Monday, July 27, 2015

Aircraft Considerations

Selecting your next aircraft can be a challenging task.  Speed, fuel consumption, purchase price, insurance expense, maintenance costs, cabin size, range, vintage, avionics, light sport category, high wing vs. low wing, aluminum, fabric, or composite construction are just a few factors that enter into the equation. Most pilots seem to migrate to aircraft make and models that they initially trained in. It’s uncommon to find a pilot purchase a Piper Cherokee after completing all their training in a Cessna Skyhawk for example.

When considering speed issues, fuel consumption usually determines a buyer’s direction on aircraft selection. Mooney aircraft are well known for their speed and low fuel consumption but that comes with a compromise; small cabin and minimal baggage area.  A Cessna 182RG has a much larger, more comfortable cabin, but with a significantly higher fuel burn of 40 to 50% vs. a Mooney for similar speeds for example. 

Aircraft maintenance costs are usually higher on older aircraft, but their initial purchase cost is significantly lower that late model equivalents.  Composite aircraft are not prone to the adverse effects of corrosion when compared to aluminum manufactured aircraft but again, are much costlier to purchase.  Composite aircraft are more susceptible to UV ray damage over a long period of time if left out in the sun so a hangar is strongly recommended.

Avionics and flight instrumentation is another major consideration.  Aircraft produced prior to 2000 all have the industry prior standard “steam gauges” while newer aircraft have multi-function displays, touch screens, new generation GPS units with exceptional situation awareness.  To upgrade older aircraft to the latest avionics technology is a costly venture, in some instances, may cost more than the initial purchase price of the aircraft.

It is wise to speak with as many current and past aircraft owners to get their candid opinions and thoughts as to which aircraft they recommend or suggest to stay away from.  There are many quality general aviation magazines that also regularly have articles on various airplane performance and maintenance issues. Buyers can also spend time searching the internet for aircraft information.  Choosing the right aircraft to meet your piloting skill level, budget, and performance requirements may be time consuming but rewarding in the end!  The good news is, after you have determined which aircraft you want to purchase, the aircraft loan process is easy with Banterra Aircraft Finance.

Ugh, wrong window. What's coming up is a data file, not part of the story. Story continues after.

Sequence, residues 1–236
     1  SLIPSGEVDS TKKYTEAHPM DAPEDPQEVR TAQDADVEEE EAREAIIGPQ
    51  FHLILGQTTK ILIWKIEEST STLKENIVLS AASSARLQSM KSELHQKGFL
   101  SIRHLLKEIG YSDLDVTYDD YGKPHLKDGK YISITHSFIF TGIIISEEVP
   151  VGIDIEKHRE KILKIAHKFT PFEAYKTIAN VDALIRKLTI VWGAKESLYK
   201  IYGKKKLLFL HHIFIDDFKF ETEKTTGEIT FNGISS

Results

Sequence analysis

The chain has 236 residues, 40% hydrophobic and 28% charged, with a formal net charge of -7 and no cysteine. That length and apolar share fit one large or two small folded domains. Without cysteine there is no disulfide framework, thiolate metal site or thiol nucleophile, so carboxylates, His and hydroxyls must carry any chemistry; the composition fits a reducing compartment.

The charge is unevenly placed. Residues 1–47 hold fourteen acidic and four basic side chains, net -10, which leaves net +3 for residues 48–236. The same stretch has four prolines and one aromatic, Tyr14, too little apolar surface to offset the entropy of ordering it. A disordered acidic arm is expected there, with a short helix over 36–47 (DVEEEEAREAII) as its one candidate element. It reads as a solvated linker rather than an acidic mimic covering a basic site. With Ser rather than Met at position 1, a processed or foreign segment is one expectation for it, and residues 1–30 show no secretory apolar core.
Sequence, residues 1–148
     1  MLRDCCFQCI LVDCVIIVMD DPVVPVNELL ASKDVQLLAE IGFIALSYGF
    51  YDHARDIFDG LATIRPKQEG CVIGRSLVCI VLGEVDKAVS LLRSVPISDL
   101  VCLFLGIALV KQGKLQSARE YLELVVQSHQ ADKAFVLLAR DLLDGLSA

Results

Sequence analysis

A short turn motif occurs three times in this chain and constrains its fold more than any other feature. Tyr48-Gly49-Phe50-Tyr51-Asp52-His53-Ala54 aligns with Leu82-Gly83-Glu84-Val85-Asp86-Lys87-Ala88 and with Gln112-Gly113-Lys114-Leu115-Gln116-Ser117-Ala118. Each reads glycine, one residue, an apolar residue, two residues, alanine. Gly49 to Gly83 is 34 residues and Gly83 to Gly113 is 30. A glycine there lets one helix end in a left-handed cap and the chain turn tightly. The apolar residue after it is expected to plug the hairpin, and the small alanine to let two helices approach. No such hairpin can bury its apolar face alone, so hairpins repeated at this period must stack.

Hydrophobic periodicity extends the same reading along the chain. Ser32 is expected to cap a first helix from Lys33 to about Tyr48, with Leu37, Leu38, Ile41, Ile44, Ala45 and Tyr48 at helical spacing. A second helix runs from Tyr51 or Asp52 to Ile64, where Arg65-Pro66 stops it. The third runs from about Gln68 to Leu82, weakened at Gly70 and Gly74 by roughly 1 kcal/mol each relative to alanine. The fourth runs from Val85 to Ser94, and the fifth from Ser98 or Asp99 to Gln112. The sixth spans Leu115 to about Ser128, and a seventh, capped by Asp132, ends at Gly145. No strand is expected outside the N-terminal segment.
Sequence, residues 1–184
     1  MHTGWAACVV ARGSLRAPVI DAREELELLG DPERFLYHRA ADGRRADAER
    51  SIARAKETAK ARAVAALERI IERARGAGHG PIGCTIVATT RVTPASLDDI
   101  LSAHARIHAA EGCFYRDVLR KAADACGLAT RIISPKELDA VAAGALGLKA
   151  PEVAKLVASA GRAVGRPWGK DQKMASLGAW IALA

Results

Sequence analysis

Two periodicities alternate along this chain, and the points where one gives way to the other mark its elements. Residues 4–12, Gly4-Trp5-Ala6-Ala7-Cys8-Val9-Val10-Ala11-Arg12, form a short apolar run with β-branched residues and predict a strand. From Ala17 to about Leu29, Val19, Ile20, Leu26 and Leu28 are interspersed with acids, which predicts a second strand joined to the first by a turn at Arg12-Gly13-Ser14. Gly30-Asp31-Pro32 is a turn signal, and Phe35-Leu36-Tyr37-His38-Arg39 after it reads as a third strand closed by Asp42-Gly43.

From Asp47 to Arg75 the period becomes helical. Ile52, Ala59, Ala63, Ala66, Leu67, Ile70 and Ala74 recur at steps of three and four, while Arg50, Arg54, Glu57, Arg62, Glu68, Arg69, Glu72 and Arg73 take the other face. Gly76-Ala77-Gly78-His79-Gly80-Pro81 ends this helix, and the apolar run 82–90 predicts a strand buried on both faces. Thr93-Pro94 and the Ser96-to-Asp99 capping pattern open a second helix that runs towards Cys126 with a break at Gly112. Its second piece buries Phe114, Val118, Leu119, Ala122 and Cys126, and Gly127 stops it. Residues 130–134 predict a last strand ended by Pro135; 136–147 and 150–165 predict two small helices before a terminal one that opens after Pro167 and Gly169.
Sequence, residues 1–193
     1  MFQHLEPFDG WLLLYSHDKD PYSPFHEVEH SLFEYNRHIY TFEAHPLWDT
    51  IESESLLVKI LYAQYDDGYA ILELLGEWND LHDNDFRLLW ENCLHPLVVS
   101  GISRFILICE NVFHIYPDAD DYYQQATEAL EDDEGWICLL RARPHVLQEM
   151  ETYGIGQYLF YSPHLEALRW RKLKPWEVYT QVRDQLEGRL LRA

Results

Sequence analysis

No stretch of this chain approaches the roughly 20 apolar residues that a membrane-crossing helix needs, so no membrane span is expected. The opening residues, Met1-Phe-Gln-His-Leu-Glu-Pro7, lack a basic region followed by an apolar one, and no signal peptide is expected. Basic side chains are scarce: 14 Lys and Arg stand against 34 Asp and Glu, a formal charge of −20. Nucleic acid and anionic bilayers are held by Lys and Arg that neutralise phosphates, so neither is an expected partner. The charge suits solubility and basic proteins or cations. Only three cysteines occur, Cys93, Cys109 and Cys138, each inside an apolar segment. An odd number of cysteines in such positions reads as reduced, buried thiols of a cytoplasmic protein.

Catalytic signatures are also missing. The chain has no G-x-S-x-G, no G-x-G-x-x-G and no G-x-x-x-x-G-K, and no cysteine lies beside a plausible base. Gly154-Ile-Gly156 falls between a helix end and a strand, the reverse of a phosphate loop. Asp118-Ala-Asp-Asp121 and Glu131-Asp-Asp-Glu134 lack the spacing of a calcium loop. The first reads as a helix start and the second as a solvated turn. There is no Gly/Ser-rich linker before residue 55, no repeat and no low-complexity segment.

Thursday, July 9, 2015

Financing An Aircraft

When considering a source to finance your next aircraft purchase, it is highly recommended that you select a lender with aviation financing expertise.  Lenders that specialize in aircraft financing can best guide you through the credit, appraisal, title, escrow, and closing processes.  If an aircraft has not yet been selected, you can obtain a credit pre-approval, subject to final review and collateral valuation.
The first step is to gather up pertinent credit information for the underwriter. Generally the most recent two years Federal 1040 and Business Tax Returns with all schedules, a current Personal Financial Statement, and liquidity verification (recent bank/brokerage summary statements) is all you’ll need in addition to completing the lender’s Credit Application.  An airplane specification/listing sheet should also be supplied in the event an aircraft has been selected.
Underwriters review tax returns for verification of income, consistency and trends, and need the schedules to add back depreciation and carry over losses for example.  Liquidity (cash reserves) as stated on the Personal Financial Statement are verified to confirm that the applicant can meet all “global debt service”, including the aircraft monthly obligation with reasonable reserves after the down payment has been made.  Lenders look at debt to income ratios and obtain numbers from both what was stated on the Personal Financial Statement and what is indicated on the applicant’s credit bureau.
The collateral is also a major consideration when reviewing credit applications for approval.  Financial Institutions use the AircraftBluebook and V-Ref Price Guide as their primary source for values. Aircraft with damage history, missing maintenance logbooks, in poor cosmetic condition, or with high time or run out engine(s) are harder to process than aircraft without any of those types of issues.
FAA documentation includes an original signature FAA Bill of Sale be in escrow at an industry recognized title and escrow company in Oklahoma City, OK along with an original signature FAA Form 8050-1 “Aircraft Registration Application” and any original applicable lien release(s).  The FAA Bill of Sale is produced by the Seller and the 8050-1 Aircraft Registration Application is signed by the buyer, who then keeps rear pink copy as the temporary registration until the FAA sends a post card hard copy to them.  The lender sends a Security Agreement to the buyer for signature and return to the title company also.  Once the title company confirms they are in receipt of all FAA documents, then funds are wire transferred for the closing.

For more information on financing an aircraft, go to